I've used three different ones. A trickle Battery Tender, something like 2A, max. Another 2/10/20A one which I'm not convinced was particularly useful, can't remember who it's made by, but it was new, and computer-controlled. Finally, a wheeled 2/20/40/200 amp Schumacher, which I know puts out a disturbing amount of juice, and behaves properly...it'll crank back the power it's sending, depending on voltage read.

"Maintenance free" batteries are anything but. In fact, if you remove the sticker on the top, you'll find fill caps, unless it's a gel cell or similarly, truly sealed battery.

I removed the protective cover when I moved to the larger size. Wholly unnecessary, based on my 30+ years of motor vehicle ownership.
 

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2008 STS Platinum
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21 Posts
I have experienced similar battery drain issues with my 2008 STS 3.6 Platinum. BTW, with just a Fluke 87, it is possible to measure low amperage draw with confidence. And if you are careful, you can do it without ever completely removing 12VDC from the vehicle just plant one probe on the battery terminal and the other on the cable before you remove the cable connection from the battery. I measured 55mA after about 2 minutes of the engine being shut off. I came back about 15 minutes or so later and measured about 20 to 30mA (as I recall). The amperage draw seems to back down in steps just like the car is slowly going to sleep. I don't know what to expect for this vehicle so if someone has a spec for this, I would really appreciate seeing it. The longest I have observed a (Sears Diehard Advanced Gold 48 month - 760CCA @ 0 Deg Fahrenheit) battery last is about 22 months! The heat in Florida all year round does speed up the chemical reaction in any battery left outside - but come on...only 22 months of life??!!

My voltage was sagging too during idle. I would often see 12.9V during the blistering heat during stop and go traffic. (Never seen any weird headlight behavior.) A local auto electric shop replaced the regulator in the alternator and it seemed that the voltage stayed more in the range of about 13.5 to 14. But then the cheap replacement regulator (Transpo brand) failed and I had to replace the whole alternator since you cannot get an OEM replacement regulator from Denso!:mad2::rant2:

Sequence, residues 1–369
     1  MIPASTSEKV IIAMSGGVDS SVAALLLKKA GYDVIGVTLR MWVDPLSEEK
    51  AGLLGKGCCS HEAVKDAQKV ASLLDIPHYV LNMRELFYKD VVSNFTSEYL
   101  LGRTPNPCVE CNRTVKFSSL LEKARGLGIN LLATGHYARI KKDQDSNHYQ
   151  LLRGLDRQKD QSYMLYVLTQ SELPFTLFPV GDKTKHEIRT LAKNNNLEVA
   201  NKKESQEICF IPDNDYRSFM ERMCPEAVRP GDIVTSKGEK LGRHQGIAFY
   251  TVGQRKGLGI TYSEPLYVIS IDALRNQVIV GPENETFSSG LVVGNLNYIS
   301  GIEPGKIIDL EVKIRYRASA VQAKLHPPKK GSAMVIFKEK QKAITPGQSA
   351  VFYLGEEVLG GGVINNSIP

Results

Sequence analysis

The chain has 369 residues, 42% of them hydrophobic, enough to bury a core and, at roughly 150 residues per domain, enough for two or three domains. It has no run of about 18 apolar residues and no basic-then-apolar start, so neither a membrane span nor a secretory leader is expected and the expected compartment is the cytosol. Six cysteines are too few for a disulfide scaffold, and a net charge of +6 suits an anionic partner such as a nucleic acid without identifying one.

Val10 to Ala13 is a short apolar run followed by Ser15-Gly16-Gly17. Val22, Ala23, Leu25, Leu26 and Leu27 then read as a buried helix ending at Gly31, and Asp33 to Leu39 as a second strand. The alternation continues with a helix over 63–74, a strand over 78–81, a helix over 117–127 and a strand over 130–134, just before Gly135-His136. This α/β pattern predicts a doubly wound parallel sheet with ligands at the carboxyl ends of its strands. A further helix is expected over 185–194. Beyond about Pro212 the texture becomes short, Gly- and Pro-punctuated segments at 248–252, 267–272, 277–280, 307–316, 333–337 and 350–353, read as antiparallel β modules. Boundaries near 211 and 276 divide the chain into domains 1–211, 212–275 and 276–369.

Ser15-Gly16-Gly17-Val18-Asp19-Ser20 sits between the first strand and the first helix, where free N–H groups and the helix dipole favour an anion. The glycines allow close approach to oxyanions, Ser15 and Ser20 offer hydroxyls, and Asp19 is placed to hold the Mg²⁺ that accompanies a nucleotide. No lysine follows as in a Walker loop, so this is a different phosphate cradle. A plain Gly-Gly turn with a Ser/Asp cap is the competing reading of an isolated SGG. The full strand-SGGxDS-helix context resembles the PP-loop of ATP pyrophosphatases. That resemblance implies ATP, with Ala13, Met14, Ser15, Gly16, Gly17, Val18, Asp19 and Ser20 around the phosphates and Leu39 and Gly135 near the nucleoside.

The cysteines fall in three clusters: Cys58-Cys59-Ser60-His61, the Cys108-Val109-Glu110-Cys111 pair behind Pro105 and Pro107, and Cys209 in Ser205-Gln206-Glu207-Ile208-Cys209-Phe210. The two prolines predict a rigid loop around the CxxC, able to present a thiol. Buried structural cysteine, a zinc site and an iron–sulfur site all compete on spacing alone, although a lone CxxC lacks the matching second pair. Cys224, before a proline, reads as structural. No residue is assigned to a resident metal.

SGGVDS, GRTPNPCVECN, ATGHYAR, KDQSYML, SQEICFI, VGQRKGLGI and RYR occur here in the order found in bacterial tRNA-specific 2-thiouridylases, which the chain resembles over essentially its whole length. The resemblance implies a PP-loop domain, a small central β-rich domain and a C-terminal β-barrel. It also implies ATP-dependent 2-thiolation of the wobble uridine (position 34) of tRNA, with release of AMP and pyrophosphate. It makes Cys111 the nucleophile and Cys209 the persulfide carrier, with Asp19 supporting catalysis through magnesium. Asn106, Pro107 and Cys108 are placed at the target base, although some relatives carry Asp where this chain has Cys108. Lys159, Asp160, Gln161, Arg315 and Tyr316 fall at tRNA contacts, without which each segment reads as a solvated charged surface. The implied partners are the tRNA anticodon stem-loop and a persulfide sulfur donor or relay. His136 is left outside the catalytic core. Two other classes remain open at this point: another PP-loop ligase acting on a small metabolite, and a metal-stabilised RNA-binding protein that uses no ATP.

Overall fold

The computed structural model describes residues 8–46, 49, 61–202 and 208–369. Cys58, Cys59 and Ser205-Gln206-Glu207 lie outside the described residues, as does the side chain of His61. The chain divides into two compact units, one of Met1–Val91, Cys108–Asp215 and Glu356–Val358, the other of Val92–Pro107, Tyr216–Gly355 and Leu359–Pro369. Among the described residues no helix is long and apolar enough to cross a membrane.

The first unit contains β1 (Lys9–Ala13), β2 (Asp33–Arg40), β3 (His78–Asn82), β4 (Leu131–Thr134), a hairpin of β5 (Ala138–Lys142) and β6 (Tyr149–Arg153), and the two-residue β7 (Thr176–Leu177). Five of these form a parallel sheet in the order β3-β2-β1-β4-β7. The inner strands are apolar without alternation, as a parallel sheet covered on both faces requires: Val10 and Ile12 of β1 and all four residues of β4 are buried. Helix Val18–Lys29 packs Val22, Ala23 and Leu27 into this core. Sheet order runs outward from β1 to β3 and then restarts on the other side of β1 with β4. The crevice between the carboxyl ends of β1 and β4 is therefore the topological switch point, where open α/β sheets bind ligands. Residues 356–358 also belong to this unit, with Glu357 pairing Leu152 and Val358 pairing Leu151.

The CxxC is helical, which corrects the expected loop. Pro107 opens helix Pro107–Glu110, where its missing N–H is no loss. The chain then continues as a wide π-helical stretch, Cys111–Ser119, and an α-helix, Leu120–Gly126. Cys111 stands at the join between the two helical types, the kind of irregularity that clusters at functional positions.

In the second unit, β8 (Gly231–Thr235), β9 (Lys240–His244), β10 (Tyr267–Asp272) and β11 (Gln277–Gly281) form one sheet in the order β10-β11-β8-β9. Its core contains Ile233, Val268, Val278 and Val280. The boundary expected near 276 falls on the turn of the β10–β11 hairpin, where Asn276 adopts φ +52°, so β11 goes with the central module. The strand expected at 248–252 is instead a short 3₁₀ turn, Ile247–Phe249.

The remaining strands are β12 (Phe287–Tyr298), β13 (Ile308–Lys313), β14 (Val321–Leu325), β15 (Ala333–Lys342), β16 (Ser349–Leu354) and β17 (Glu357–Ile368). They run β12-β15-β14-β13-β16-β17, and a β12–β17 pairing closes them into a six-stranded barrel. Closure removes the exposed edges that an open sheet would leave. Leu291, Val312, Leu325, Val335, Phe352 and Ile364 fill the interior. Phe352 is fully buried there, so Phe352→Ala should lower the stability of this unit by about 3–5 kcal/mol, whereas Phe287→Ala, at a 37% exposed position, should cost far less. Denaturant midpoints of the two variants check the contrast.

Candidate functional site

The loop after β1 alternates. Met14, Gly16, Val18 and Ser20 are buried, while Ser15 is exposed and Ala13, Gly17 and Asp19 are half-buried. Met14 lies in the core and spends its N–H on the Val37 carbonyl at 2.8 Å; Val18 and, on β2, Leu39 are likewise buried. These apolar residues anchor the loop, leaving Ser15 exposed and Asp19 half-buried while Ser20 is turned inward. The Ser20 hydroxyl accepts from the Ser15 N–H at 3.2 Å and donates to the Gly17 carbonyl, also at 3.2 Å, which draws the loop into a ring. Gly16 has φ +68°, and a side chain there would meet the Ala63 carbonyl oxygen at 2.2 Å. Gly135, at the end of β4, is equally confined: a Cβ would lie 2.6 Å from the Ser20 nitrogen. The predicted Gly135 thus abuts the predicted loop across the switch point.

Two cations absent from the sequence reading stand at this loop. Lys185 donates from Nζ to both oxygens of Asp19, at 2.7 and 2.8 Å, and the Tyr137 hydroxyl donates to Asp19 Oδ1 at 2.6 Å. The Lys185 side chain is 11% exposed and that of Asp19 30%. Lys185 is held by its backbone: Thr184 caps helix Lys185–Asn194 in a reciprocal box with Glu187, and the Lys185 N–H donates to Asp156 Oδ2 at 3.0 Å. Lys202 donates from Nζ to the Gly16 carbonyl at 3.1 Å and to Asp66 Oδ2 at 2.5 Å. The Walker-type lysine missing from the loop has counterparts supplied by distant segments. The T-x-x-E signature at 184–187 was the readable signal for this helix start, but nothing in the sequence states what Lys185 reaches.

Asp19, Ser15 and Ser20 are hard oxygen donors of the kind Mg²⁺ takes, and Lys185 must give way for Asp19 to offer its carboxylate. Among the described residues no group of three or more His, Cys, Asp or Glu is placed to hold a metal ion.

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2006 STS4 V8 1SG & 2007 STS V8 1SE
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There was a thread about 4 years ago detailing the 'unwind' sequence of the STS. As I recall, it takes hours to drop to levels that many cars reach much faster.

The STS begins to 'wake up' before the driver even touches the door, too. Just walking up to the car with a matched fob starts activating systems.

As in sub-atomic physics, the act of observing a phenomenon, has an effect on that phenomenon.

IMHO, your original voltage regulator was superior to its aftermarket replacement. It was likely working as designed. I would only let a master Cadillac tech rebuild an STS alternator. When I need one, I'll be sorely tempted to buy new.
 

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...The starter doesn't spin as quickly as I expect, but all cars are different.

Some afternoons, there is a dip into the rrrrr-rrrrr sound, but she always fires. The garage is never all that cold, and there doesn't appear to be any difference in behavior due to season.
Everyone's added relevant comments to the battery part, but I want you to know that my starter was doing the same thing. Sometimes the spin rpm seemed slow for the first few revs then it would pick up speed, not as much as it seemed to need, but it always eventually started. It also seemed to take longer to light up, even with new coils and plugs.

Then one morning on my way to work I stopped in at *bucks for a mocha, and came back out and, nothing. Everything else worked but it wouldn't crank. I started kicking myself in the butt for not heeding the starter failure warning signs.

I had it towed home, bought a NAPA starter and replaced it. The old starter rattled like there was a lot of broken pieces inside. Then I hit the button and it fired right up. It spun instantly at a very high rpm and started faster than it had in a long time. Needless to say I was thrilled! But the NAPA starter was semi-DOA and had to pull it out and replace it with another one.

Now it starts perfectly, first time and almost instantly.

HEED THE WARNING SIGNS! REPLACE YOUR STARTER BEFORE IT LEAVES YOU STRANDED.

They're only about $160 + $35 for the manifold plenum gasket set. The dealer wanted $852 to do the job.